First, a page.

Glasnevin Cemetery is the largest cemetery in Ireland and as such is quite the sight to behold. It draws visitors from all over the place with its centrally-located location in Dublin, although a cemetery isn't always a place that many would think of as a premier destination to visit while on vacation. For those who have toured the grounds, however, it's nothing short of an intriguing experience, with nearly 1.5 million gravesites, some of which belong to prominent figures in Ireland's history.


The cemetery is also easily found thanks to its tower, which is the largest in the country. In terms of the museum aspect of Glasnevin, it's the first cemetery museum in the world and gives visitors an inside look at the process of burials and the inner-workings of a final resting place. This morbid fascination might not be something that everyone is interested in but it's definitely something to add to the list of 'must-do' things for those seeking something new. When it Ireland, Glasnevin is a destination that should be on everyone's list... especially if they're not squeamish around the dead or their resting places.

Touring The Cemetery And Museum

The cemetery itself was created by Daniel O'Connell in 1832, who was an Irish statesman at the time. The grounds of the cemetery are expansive, spanning a total of 124 acres, making it the largest in the country. On top of its spacious acreage, many famous people are buried within its gates, all of whom were integral to Ireland's history and the shaping of its culture. This is part of the reason Glasnevin attracts so many; not only is it an experience to tour the grounds of this cemetery, but its history with burials is truly ingrained in Ireland's culture.

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The best way to see everything there is to see as Glasnevin is to schedule a guided tour. Not only will visitors have the chance to observe everything in a timely manner, but they'll be guided in the right direction - something that can be a bit confusing when dealing with 124 acres of land. The tour guides are also knowledgeable and, according to the reviews, extremely helpful in pointing visitors in the right directions, asking questions, and speaking of the history of Ireland in a way that even those who don't know a thing about it will understand and appreciate. Along the tour, visitors will hear the history of Glasnevin but also the stories that go with it, making the entire experience interactive and entertaining. Along the way, visitors can expect to see artwork that has been collected over the years, as well.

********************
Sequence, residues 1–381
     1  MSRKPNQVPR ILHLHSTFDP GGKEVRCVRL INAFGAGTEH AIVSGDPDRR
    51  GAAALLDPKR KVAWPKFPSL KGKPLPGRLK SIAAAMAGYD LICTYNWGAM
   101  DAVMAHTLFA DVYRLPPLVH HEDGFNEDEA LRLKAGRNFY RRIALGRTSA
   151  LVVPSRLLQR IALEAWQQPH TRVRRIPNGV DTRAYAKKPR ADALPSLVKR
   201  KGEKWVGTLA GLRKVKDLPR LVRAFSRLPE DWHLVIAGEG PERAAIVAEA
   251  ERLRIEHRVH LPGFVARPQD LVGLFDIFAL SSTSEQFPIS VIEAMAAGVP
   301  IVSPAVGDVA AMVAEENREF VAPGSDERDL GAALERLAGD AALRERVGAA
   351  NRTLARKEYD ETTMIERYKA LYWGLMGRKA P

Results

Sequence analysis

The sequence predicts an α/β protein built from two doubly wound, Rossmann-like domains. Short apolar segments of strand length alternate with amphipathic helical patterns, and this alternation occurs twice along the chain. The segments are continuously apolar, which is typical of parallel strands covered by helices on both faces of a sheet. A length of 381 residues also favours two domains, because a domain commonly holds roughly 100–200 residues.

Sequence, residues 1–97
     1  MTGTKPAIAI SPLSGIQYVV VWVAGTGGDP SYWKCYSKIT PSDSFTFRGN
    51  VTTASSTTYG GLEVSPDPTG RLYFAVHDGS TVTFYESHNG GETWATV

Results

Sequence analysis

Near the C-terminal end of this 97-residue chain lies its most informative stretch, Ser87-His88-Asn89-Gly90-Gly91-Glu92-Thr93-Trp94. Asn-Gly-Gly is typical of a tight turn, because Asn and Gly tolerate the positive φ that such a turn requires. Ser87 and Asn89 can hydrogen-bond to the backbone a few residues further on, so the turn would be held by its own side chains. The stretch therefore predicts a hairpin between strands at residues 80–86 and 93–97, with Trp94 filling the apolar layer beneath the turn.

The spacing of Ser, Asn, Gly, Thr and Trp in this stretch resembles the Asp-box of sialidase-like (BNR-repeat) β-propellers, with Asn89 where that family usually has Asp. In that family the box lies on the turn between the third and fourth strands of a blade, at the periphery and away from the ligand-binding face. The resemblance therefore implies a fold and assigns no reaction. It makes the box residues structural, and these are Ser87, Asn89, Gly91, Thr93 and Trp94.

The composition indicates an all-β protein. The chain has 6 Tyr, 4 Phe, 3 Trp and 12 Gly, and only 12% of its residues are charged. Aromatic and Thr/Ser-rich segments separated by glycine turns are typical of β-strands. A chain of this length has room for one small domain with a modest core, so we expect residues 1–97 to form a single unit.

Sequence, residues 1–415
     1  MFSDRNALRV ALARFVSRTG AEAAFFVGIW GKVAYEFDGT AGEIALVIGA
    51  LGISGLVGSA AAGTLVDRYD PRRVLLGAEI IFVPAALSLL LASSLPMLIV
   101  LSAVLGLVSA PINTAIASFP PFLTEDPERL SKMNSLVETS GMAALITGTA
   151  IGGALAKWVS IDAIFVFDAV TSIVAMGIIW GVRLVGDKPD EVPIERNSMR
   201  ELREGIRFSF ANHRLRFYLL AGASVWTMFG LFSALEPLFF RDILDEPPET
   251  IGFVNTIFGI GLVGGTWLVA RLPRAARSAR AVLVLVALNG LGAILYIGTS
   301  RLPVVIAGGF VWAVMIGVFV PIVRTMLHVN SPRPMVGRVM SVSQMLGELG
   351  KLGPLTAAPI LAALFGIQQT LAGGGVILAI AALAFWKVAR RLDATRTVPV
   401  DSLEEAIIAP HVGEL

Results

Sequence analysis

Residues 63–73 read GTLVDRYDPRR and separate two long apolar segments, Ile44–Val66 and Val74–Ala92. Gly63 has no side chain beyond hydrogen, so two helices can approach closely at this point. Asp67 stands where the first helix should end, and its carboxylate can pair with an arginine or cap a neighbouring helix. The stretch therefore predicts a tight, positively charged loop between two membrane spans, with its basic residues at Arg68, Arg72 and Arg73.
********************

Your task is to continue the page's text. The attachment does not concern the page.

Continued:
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The museum at Glasnevin has received numerous awards over the years including 'Best International Museum' back in 2011. Inside of this gothic-style building, the exhibits change routinely, and visitors can check the museum website to see what's currently going on and what they can expect to see. The museum's website also offers virtual tours of the exhibits, as well as of the cemetery, which is a great tool to use, especially during this time. The exhibits on display can vary in anything from major events in history to examining the culture of a certain time period in Ireland, making a walkthrough incredibly educational and interesting. Some photos exhibits are also on display, adding a visual factor to the tour.

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The Tower

One of the most stunning aspects of Glasnevin is The Tower, which is dedicated to Daniel O'Connell. It was first built in 1854 after O'Connell's death in 1847. The architect behind the masterpiece was Patrick Byrne, whose notable work also included St. Paul's Church and St. Audeon's Church, both in Dublin. The entire structure took roughly 16 months to complete and a crew of hundreds to finish in time, especially with materials such as granite and limestone.

Sadly, the base of the tower was completely destroyed when a bomb went off in 1971, causing significant damage to the structure. It was finally restored in 1991 and took nearly two decades to complete, as it was finally opened for a second time in 2018. However, The Tower now has a complete history of O'Connell's life and work, including a quote inscription of his final words: "My body to Ireland, my heart to Rome, my soul to heaven," which can be found within the walls of his crypt. The Tower itself measures to a height of 180 feet before the cross at the top, which measures seven feet tall and is made out of pure granite.

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